With all the information about the Coronavirus pandemic provided from so many sources, it is often difficult to know what is credible and what is not. As a physician, I had the opportunity to attend a briefing given by credible local experts on the Coronavirus epidemic this past Friday. The briefing was excellent and I thought it would be helpful to share some key messages with the community as a whole.
As a community working together, there are things we need to do to slow down the transmission of the virus. We need to make individual efforts to wash hands frequently; clean surfaces; use fist and elbow bumps; keep 3 to 6 foot distance from others; and cover your mouth when coughing.
We need to be prudent. We need to stay at home with flu-like symptoms – 85% of Coronavirus infections have only mild flu-like symptoms and don’t need to see a doctor. We need to work together to protect our family, friends, and community as a whole by staying at home with mild symptoms – just like we do for the flu and other respiratory viruses.
We need to be cognizant of the importance of “flattening the curve” in order to prevent overwhelming the healthcare system. Our system needs to function for all health concerns – not just issues related to the Coronavirus.
On the other hand, there are things we should avoid. We don’t need a situation where worry spreads faster than the virus. We don’t need to let worry and anxiety and panic consume us. We shouldn’t forget the golden rule to treat others like we want to be treated.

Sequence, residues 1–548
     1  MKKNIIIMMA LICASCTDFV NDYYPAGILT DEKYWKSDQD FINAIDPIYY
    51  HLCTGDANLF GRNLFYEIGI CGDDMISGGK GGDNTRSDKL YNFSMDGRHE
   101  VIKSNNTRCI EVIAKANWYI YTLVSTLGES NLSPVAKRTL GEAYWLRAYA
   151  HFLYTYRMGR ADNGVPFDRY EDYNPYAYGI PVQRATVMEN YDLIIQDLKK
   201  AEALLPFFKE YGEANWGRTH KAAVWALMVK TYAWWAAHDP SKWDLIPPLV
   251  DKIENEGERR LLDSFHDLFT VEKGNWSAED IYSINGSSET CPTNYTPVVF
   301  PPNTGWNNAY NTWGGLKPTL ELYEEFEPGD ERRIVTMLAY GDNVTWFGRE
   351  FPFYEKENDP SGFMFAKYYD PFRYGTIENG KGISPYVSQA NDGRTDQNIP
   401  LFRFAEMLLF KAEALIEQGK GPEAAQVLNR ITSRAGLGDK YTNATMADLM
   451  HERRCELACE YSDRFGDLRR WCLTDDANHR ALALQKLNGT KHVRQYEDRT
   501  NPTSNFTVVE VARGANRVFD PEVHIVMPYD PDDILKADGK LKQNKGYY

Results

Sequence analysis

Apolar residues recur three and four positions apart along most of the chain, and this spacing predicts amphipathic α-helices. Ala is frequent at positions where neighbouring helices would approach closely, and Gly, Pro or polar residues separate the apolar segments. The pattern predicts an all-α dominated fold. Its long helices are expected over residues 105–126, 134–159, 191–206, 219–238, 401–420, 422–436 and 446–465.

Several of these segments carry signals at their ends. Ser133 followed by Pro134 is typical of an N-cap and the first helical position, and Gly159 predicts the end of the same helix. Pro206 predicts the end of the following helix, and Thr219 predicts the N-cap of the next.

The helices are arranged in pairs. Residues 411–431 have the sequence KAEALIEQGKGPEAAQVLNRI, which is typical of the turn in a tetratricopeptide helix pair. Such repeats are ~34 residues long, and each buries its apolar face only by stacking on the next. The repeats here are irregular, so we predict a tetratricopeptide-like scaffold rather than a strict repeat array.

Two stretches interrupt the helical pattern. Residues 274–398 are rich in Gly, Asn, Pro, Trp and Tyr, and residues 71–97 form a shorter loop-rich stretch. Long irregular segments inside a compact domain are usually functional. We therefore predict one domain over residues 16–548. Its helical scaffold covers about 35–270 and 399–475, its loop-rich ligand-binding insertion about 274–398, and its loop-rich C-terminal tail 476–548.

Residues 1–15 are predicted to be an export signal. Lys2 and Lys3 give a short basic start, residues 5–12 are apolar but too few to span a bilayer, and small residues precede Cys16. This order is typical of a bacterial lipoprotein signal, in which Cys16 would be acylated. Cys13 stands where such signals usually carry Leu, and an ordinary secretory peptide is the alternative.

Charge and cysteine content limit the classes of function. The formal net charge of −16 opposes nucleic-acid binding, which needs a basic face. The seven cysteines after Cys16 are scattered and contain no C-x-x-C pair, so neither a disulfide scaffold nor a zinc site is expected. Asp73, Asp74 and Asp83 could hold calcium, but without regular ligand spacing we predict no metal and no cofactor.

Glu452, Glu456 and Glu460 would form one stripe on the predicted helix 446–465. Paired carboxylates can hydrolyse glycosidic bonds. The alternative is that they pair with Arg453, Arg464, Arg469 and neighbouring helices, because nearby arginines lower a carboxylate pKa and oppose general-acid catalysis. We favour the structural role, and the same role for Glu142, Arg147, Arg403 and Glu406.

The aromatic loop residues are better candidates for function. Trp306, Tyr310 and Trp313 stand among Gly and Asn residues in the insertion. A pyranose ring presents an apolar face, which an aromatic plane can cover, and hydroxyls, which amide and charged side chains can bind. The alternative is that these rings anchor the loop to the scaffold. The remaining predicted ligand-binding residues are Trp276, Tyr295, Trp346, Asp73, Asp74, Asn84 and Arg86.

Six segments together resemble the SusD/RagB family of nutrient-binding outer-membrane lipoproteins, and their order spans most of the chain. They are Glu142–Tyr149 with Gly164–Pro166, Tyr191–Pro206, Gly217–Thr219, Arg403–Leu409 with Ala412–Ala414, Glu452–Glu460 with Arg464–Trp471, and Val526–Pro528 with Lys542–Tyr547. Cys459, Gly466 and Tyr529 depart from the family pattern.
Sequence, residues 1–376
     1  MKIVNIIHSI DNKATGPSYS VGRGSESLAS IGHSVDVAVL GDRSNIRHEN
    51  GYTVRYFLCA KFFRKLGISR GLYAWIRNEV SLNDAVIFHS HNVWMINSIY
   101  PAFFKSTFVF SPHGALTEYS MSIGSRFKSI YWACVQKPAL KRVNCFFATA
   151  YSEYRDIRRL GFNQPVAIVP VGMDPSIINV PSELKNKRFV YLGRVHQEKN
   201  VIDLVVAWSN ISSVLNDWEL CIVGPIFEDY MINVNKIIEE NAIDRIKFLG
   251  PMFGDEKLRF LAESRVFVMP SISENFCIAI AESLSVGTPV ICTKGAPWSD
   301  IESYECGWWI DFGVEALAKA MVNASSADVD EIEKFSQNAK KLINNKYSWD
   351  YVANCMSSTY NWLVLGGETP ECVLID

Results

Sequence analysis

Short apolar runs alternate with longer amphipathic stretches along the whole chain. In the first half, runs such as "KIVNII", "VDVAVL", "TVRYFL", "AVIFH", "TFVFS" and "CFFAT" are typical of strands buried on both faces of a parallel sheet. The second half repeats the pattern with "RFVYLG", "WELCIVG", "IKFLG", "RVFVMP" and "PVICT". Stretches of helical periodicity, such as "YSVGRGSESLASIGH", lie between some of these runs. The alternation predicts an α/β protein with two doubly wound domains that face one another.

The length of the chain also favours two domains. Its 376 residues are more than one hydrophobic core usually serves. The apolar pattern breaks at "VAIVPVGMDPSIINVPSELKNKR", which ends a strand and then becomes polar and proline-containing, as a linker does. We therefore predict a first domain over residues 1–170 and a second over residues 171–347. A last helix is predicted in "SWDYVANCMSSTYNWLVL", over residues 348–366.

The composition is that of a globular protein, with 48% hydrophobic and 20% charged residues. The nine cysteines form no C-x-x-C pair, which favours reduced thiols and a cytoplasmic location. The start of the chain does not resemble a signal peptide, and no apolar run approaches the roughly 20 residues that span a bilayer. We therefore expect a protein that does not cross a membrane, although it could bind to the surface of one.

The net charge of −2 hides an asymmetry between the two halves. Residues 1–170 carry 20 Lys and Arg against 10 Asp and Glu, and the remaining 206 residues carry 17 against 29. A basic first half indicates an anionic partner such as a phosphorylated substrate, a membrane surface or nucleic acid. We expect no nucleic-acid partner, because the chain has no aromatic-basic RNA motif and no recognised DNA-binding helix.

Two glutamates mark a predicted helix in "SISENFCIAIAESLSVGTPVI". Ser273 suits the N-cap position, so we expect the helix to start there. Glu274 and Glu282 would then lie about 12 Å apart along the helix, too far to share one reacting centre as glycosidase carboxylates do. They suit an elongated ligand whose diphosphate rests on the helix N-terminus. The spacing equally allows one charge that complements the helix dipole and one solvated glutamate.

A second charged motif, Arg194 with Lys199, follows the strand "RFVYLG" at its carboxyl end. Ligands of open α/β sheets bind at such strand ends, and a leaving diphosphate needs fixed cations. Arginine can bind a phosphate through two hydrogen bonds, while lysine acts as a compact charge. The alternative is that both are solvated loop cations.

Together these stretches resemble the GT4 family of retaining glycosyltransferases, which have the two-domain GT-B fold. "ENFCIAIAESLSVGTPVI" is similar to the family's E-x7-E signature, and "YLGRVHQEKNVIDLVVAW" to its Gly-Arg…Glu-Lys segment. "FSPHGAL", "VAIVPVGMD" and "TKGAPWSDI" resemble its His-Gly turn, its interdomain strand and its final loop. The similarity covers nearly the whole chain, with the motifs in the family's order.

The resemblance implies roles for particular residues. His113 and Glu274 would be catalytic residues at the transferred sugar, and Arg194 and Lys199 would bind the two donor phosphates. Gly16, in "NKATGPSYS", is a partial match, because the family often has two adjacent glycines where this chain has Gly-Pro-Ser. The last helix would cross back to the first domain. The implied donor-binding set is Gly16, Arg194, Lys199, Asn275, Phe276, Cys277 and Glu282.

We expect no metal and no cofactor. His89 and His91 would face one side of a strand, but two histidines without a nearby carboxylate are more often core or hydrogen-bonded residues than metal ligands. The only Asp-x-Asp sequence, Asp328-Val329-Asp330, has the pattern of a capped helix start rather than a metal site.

We don’t need to complain. We don’t need to make this a political issue. President Trump is a Republican. Governor Edwards is a Democrat. Both leaders are using credible sources to make decisions. The virus has no idea about political parties or demographics.
I have lots of faith in this country and its ability to overcome crisis. I have the same faith in the people of this community and I know our healthcare system can be flexible and overcome during difficult times. I saw it in Katrina.
With that said, this pandemic will be a real strain on the healthcare system in our community, nation, and across the globe for much longer than Katrina. It will impact everyone.
Please consider the fact that people serving you in healthcare are human too. They have the same fears and concerns as anyone else – maybe more so. Despite those concerns, they will do the best they can to care for others.
There are so many reasons for all of us to do our part. Of course, we do our part for ourselves and our family and friends. Beyond that, we do our part to prevent overwhelming the healthcare system. People working in doctor offices, hospitals, and nursing homes can’t run and hide from the virus. Everyday they get up and go to work to take care of whoever requires their help. If they are overwhelmed, there is no one to take their place.
Wash your hands. Use elbow and fist bumps. Stay at home when sick. Clean surfaces. Cover your mouth when you cough. Don’t panic. Don’t make this a political issue. Keep informed of changes. Care for others. Pray for others. That can be our 10 commandments for the Coronavirus pandemic.
Dr. Phillip Rozeman is past Chief of Staff of Willis-Knighton Health System and current Chief of Staff of Minden Medical Center.